Friday, July 6, 2007

NEW YORK, Reuters Health

Any type of eating disorder can boost a woman's likelihood of having irregular menstrual periods, a new study confirms.

Based on the findings, "when someone's got irregular menstruation, eating disorders should be on the radar screen," Dr. Cynthia M. Bulik of the University of North Carolina at Chapel Hill, the study's lead author, told Reuters Health. Missing periods raises a woman's risk of osteoporosis, Bulik noted, and may also impair fertility.

According to current diagnostic criteria, anorexia nervosa is the only eating disorder subtype associated with menstrual irregularities, Bulik said. A woman must have absence of menstrual periods for at least three months to be diagnosed with anorexia nervosa.

But in a survey of 1,705 women participating in a genetic study who met strict diagnostic criteria for eating disorders, Bulik and her team found menstrual irregularities including absence of periods, skipping periods, and very light periods among women with every subtype of eating disorder, including bulimia nervosa.

Nearly 80 percent of women with anorexia reported secondary amenorrhea, meaning they had begun having periods before age 16 but had stopped menstruating for at least three months in a row at least once.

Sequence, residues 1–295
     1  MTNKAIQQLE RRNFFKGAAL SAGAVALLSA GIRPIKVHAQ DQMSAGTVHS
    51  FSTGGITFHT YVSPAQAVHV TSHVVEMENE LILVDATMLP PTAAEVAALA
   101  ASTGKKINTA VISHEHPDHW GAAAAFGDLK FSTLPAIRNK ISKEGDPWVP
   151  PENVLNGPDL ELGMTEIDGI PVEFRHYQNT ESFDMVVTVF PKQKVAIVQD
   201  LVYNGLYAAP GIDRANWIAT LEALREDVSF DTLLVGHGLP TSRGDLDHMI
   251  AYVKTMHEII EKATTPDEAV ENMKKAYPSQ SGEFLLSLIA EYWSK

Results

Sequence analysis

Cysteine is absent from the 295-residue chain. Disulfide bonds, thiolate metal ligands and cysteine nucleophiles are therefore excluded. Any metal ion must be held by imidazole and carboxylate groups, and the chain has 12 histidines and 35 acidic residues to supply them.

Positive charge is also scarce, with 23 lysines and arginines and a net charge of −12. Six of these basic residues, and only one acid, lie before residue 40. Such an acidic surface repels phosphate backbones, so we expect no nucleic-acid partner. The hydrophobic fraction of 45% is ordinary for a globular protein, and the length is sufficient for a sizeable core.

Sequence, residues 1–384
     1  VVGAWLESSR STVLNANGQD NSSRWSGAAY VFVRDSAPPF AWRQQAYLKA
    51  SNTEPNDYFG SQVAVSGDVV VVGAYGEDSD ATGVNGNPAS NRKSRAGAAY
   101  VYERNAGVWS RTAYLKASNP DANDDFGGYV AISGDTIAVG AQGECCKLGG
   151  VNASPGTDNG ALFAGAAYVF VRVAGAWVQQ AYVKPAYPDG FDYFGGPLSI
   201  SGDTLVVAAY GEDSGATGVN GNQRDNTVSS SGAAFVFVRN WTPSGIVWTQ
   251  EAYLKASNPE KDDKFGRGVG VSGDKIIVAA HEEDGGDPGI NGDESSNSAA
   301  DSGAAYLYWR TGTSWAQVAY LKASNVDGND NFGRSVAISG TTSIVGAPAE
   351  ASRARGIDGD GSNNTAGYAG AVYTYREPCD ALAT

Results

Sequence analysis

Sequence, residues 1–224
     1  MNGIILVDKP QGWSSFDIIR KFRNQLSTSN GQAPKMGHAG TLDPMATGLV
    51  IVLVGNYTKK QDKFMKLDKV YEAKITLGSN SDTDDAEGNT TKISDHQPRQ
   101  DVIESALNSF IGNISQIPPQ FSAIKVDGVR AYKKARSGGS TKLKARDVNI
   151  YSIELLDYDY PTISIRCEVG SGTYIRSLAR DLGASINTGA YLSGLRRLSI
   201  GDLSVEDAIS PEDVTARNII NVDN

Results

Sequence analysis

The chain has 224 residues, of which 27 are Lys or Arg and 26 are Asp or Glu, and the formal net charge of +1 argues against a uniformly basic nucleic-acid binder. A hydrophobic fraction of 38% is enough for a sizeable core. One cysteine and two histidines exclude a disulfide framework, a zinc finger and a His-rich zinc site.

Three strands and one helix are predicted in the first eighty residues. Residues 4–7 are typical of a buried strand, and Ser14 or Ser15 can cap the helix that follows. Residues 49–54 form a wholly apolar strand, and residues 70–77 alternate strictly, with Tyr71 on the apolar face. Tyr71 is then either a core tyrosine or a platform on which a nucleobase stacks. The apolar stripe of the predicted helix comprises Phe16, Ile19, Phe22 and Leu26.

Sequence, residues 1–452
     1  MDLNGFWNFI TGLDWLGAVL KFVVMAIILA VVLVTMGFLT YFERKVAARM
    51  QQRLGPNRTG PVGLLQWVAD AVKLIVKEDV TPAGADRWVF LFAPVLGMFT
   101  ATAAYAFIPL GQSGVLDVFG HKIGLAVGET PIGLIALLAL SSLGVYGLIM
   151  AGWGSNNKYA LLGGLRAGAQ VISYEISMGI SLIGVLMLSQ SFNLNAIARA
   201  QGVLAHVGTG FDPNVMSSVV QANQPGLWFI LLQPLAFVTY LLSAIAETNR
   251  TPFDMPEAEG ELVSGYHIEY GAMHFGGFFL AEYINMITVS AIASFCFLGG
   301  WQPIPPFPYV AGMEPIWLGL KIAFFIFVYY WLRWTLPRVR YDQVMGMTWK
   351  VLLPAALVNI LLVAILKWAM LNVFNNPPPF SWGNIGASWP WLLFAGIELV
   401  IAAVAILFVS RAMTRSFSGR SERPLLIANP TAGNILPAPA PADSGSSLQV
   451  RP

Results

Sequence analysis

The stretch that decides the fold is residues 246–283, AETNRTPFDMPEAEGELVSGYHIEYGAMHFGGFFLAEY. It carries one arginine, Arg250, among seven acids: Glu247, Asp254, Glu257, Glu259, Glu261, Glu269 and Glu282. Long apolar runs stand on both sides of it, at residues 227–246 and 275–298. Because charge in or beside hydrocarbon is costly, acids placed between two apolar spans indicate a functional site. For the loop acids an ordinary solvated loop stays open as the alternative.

About 36 percent of women with bulimia nervosa had secondary amenorrhea. Among women who fell into the "eating disorder not otherwise classified" group, 30.4 percent reported secondary amenorrhea.

The factors most strongly associated with menstrual dysfunction included a person's body mass index (BMI), her calorie intake, and her level of exercise. Women who menstruated normally had the highest maximum and minimum lifetime BMIs, the researchers note, but even some women of normal weight reported menstrual irregularities.

The findings suggest to Bulik and her colleagues that menstrual status "might not be an informative criterion to distinguish among eating disorder subtypes."

Doctors currently only screen patients for eating disorders if they are underweight, Bulik said. But based on her findings, she added, "menstrual irregularities should be a red flag for all physicians to ask about eating disorders."
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Menstruation/eating Disorder?

Postby Fogerty » Tue May 16, 2017 9:42 pm

Yes. I was anorexic/bulimic from 14-18. My periods stopped for several months at one point. I also developed a fine "peach fuzz" all over my body. It was my body trying to stay warm since I'd depleted too much body fat.

Honey, this is your body's way of surviving. It's shutting down "extra" functions to keep you alive. Please get some help. This is a very slippery slope, and a dangerous one. People die. I still have an irregular heartbeat because of what I did over a decade ago. It's so not worth it.

By the way, my weight never got super-low ( below 100), either, but my body began shutting down all the same. I'm 5'3".
There's so much life to live. I was fortunate I was able to have my children. Some girls ruin that for themselves if they survive. Talk to someone you trust and get help.
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Menstruation/eating Disorder?

Postby Zeusef » Tue May 16, 2017 9:56 pm

what the f*** are you saying? your aneroxic or what i dont understand the f***** question??